Key points of theory:
How this fits with AMBIT
- Within this general framework, there is also interest in the specific processes and experiences of people seeking professional help for their difficulties:
- One of the assumptions of the AMBIT model is that many of the young people will have had negative previous experiences with professional helping systems and/or will have negative beliefs and feelings about such help.
- Many AMBIT practices are designed to find ways of working with clients who may have many reasons for not wanting to work with professional services.
A universal 'Primary Outcome' for AMBIT-influenced teams?
- There are few if any generalisable treatment Aims and Goals in AMBIT-influenced teams - but "developing a more adaptive relationship to help" is probably one of them.
Mentalizing the relationship to help
There are many ways that clients might perceive
the help that we offer, and these may be influenced by early experiences (see Internal Working Model
for an Attachment-based explanation of this.)
Our perception of what help is will trigger emotional reactions to this, and these will influence our behaviour. AMBIT takes a view that there are many different ways in which our clients might experience our help (however authentically we
might feel we are offering it). The point is that understanding how young people see our help
might in itself help us with broadcasting our intentions
in a clearer way for this young person
- to enable them to accept (or "enter") help, despite their concerns or objections. In this way we are offering opportunities for them to develop new perspectives on help.
This diagram (animated below) is not an attempt to define reality
(which would be Psychic equivalence
on our part!) but is more a "thought experiment" that tries to describe some of the commonest barriers to help that may be worth considering.
A young person may (mis)perceive help in different ways at different times. Getting to be helped requires a "Therapeutic Bargain
- in which the client "takes a chance" and "enters anyway". Although she may enter through many different "doors", she may leave understanding rather more accurately the perspectives of a helper that may have been misunderstood from "outside the door". There may commonly be "comings and goings" in and out of relationship with help, rather than a "coming to stay".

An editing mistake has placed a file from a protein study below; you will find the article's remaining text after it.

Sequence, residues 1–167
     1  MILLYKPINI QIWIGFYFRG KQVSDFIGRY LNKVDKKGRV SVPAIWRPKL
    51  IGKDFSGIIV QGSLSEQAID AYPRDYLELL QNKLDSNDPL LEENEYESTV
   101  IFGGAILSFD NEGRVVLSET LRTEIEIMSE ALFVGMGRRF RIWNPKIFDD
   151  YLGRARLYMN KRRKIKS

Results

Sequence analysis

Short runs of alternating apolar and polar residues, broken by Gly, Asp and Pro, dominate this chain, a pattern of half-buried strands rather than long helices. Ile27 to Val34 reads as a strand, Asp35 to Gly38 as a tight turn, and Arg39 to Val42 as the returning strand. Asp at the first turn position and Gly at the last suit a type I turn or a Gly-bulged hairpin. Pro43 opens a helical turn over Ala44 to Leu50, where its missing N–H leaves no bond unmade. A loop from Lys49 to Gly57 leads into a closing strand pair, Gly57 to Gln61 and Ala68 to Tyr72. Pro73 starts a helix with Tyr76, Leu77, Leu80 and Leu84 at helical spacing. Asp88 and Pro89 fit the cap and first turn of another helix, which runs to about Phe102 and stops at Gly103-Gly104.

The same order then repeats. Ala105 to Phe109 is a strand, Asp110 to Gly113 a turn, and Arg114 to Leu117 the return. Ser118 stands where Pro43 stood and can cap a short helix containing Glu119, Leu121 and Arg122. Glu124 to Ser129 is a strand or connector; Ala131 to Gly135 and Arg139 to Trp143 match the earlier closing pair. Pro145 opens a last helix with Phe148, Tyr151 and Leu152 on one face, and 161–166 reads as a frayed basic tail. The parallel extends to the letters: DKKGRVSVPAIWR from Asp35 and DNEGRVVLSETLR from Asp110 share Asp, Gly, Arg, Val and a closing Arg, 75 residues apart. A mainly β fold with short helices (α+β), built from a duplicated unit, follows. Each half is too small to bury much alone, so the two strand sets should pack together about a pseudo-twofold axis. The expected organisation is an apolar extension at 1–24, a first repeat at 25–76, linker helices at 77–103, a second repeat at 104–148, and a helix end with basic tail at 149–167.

- Consider "different kinds of Help" as being available "inside" the diagrammatic "house".
- There are four doors in and out of this house (though in reality of course there are many more)
- The three "Blocks" that stand in each doorway are as follows (from the outside going in):
|1. The Response to Help in terms of the affective/behavioural response to what they "see" standing between them and real help ...e.g. hopeless, fearful, denying, angry.|
|2. The Response to Help in terms of the young person’s own perception/construction/imagination of the state of mind of the worker who stands between them and help ...e.g. helpless, useless, refusing, accusing.|
|3. The Offer of Help: A selection of potential states of mind that the worker might actually offer the young person e.g. interested and committed, holding hope that things will change over time even though ways forwards now are difficult to see, authentic and truthful (expressing confidence in the young person's self-agency, unafraid to "tell it as it is" in terms of diagnoses or reflections.|
If the worker can properly mentalize the young person's authentic feelings and beliefs, right here, right now, and can show
(in her eyes, and her manner of speech, etc) that this has been sensitively understood, then Epistemic Trust
may be established, and help or learning may quite suddenly be accessible - like a door opening. There may be learning, that "help may look unhelpful sometimes, and this can be explored..."
|The point of this thought experiment is that if we, as workers can more accurately mentalize our clients' experience of (or relationship to) this "Help" we are offering, then we may be more successful at adapting the way that we are offering it, in order to make it less indigestible than unfortunately our well-intentioned offers of help too often appear. |
Of course, the shift towards greater mutual understanding is the work of Engagement, and a key skill is how the worker can find ways of Broadcasting Intentions.
Welcome the Coming and Speed the Going
(With thanks to Dr Paul Caviston for this quote)
Note that the end point is not the young person "taking up residence
" in the help centre, but taking what is on offer there to set off on the next stage of her journey. This echoes the ancient "code of conduct" described in Homer's Odyssey
which all dwellers in the Greek islands held:
"Welcome the coming, speed the going"
This code dictated how islanders were obliged to behave towards sailors who were shipwrecked on their shores (which must have been a pretty commonplace event back then.) The duty was to provide hospitality, repairs, and to stock the ship for the onwards journey. See also In my beginning is my end
for how this approach might be used clinically.